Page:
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ARC Home > Faiths and Ecology > Islam :

What does Islam teach about ecology?

Women go to prayers in a mosque built with sun-baked earth in the Sudan.

Khalifa - trusteeship

Islam teaches that Allah created humans to be guardians of His creation. In other words, nature does not belong to us to do with as we wish, but is entrusted by Allah to our safe-keeping.

‘The world is green and beautiful, and Allah has appointed you his guardian over it,’ taught the prophet Muhammad.

Tawheed - unity

The central concept of Islam is tawheed, or unity. Allah is unity, and His unity is reflected in the unity of humanity and nature. We must therefore maintain the integrity of the Earth, its flora and fauna, its wildlife and environment. Our responsibility is to keep balance and harmony in Allah’s creation.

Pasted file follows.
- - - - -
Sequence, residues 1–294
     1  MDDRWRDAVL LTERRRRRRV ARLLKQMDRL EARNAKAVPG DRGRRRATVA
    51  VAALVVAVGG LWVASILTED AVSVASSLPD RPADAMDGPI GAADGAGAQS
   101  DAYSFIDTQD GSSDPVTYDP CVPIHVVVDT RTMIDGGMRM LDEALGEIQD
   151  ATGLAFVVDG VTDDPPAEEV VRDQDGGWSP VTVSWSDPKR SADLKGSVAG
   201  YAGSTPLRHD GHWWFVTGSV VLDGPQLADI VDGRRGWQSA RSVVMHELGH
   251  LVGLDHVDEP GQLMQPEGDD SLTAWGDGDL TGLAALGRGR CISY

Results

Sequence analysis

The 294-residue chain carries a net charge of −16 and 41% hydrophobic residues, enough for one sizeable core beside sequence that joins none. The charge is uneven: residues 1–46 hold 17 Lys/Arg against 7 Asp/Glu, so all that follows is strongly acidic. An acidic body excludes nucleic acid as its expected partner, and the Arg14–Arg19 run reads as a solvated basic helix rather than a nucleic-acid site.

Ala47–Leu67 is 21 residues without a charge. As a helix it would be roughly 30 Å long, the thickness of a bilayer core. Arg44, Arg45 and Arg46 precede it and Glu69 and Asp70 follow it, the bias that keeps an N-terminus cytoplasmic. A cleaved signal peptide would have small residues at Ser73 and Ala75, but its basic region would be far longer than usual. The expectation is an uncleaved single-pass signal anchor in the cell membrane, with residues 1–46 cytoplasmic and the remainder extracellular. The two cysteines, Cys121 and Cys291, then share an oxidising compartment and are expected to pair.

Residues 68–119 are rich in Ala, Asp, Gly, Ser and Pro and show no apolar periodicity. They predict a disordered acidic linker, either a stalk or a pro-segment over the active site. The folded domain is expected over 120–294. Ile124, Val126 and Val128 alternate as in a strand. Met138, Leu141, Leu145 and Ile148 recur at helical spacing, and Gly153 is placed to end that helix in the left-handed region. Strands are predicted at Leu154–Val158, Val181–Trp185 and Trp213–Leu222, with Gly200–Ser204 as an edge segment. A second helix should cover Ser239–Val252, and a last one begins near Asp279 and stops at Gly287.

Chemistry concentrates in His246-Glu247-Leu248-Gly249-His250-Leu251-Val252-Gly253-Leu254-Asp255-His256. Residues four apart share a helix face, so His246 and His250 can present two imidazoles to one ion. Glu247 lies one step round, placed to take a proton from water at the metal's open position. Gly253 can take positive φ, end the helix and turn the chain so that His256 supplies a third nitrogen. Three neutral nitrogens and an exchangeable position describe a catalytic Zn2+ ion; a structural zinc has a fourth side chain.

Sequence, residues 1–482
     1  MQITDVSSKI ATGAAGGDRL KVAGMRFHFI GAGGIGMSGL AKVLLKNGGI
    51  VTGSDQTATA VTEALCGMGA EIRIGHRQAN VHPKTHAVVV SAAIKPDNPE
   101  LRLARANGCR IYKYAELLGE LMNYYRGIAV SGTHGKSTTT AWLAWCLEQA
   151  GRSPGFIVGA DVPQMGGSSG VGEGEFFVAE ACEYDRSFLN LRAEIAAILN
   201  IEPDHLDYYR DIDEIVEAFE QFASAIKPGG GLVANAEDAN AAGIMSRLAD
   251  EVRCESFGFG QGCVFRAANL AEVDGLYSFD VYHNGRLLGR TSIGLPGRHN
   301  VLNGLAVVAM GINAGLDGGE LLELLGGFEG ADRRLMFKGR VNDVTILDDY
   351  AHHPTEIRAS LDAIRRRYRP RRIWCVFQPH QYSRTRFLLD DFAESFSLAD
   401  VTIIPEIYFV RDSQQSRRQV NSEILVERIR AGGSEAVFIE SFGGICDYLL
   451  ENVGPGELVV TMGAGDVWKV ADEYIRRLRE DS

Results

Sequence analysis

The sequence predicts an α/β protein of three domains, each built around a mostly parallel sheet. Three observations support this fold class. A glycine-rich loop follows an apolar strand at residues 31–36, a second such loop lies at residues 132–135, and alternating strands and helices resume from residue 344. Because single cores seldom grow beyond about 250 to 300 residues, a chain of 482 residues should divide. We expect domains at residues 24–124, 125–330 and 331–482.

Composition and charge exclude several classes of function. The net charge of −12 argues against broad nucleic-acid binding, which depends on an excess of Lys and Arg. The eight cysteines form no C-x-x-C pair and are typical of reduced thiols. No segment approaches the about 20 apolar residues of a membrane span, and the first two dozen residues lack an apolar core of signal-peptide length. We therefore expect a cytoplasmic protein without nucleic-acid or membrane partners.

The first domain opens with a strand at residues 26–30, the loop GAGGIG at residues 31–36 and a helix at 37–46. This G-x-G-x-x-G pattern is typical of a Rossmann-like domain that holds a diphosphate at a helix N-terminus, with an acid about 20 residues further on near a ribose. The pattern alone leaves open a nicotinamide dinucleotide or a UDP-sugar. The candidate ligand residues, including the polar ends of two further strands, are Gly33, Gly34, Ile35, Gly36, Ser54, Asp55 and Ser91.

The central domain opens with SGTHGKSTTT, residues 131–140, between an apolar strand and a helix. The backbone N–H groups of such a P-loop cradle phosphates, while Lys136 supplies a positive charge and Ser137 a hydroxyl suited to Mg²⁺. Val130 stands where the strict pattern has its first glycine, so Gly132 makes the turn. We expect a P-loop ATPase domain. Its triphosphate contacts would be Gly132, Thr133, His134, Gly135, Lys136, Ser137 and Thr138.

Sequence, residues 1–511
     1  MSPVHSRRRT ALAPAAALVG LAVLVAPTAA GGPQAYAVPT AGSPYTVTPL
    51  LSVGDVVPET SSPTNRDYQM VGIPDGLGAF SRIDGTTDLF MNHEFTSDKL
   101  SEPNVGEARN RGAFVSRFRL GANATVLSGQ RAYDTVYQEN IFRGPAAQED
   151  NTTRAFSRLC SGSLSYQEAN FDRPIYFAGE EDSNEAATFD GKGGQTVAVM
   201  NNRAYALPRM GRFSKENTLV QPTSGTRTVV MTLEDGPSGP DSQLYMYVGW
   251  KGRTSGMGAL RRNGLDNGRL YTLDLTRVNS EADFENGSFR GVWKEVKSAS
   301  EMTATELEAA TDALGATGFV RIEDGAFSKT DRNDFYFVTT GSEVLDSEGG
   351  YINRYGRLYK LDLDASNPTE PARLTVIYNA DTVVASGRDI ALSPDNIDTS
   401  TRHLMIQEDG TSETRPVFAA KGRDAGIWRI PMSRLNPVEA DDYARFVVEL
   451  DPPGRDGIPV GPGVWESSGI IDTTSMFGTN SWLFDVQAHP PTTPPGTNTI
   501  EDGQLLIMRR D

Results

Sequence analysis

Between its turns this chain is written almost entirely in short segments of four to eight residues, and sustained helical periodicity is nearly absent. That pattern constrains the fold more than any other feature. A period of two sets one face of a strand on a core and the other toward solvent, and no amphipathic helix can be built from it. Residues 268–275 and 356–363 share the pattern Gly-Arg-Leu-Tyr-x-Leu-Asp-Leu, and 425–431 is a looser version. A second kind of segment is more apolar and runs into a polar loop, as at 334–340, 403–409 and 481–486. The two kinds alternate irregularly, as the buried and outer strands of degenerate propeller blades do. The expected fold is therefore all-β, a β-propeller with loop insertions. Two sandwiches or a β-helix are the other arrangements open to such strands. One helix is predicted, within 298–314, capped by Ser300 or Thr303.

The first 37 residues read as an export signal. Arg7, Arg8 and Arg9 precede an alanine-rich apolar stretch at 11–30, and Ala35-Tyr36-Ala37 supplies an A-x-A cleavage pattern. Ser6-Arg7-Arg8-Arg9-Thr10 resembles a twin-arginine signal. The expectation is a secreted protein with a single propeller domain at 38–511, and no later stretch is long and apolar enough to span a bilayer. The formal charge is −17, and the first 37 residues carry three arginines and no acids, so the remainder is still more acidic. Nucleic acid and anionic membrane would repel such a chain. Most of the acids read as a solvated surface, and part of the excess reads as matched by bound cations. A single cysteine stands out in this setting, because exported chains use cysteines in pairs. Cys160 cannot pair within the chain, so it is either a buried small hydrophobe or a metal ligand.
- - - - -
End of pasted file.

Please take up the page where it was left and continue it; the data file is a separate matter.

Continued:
Akrah - accountability

Islam teaches that we will one day be judged by Allah for how we have discharged our responsibilities following the guidance of Islam. Have we been good trustees, and have we kept nature in harmony? So there will be a day of reckoning.

Avoid waste

It is said in the Qur’an that Allah invites us to enjoy the fruits of the earth, but to avoid excess leading to waste, ‘for Allah does not love wasters.’


All these principals have been translated into practical directions for how to live, embodied in the Shariah, the laws of Islam. For example, Shariah law protects animals from cruelty, conserves forests, and limits the growth of cities.

Islamic conservation in practice

Here is an example of specialist leaflet written to explain the Islamic theology of conservation as well as practical ideas for Islamic communities to protect endangered pollinator species in urban areas.

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